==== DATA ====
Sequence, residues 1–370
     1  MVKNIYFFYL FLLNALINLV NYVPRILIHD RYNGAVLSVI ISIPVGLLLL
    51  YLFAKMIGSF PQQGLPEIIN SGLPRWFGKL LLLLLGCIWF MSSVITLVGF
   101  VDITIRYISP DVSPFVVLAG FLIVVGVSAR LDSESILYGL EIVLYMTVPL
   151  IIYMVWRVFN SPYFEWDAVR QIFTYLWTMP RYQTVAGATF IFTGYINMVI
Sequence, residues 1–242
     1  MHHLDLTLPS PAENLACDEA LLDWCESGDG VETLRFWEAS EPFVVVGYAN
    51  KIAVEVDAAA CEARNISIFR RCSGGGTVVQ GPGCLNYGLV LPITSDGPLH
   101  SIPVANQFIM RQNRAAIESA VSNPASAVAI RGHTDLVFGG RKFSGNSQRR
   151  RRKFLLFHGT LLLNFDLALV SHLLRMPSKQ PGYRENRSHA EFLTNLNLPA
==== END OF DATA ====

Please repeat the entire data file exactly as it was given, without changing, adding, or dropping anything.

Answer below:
Sequence, residues 1–370
     1  MVKNIYFFYL FLLNALINLV NYVPRILIHD RYNGAVLSVI ISIPVGLLLL
    51  YLFAKMIGSF PQQGLPEIIN SGLPRWFGKL LLLLLGCIWF MSSVITLVGF
   101  VDITIRYISP DVSPFVVLAG FLIVVGVSAR LDSESILYGL EIVLYMTVPL
   151  IIYMVWRVFN SPYFEWDAVR QIFTYLWTMP RYQTVAGATF IFTGYINMVI
Sequence, residues 1–242
     1  MHHLDLTLPS PAENLACDEA LLDWCESGDG VETLRFWEAS EPFVVVGYAN
    51  KIAVEVDAAA CEARNISIFR RCSGGGTVVQ GPGCLNYGLV LPITSDGPLH
   101  SIPVANQFIM RQNRAAIESA VSNPASAVAI RGHTDLVFGG RKFSGNSQRR
   151  RRKFLLFHGT LLLNFDLALV SHLLRMPSKQ PGYRENRSHA EFLTNLNLPA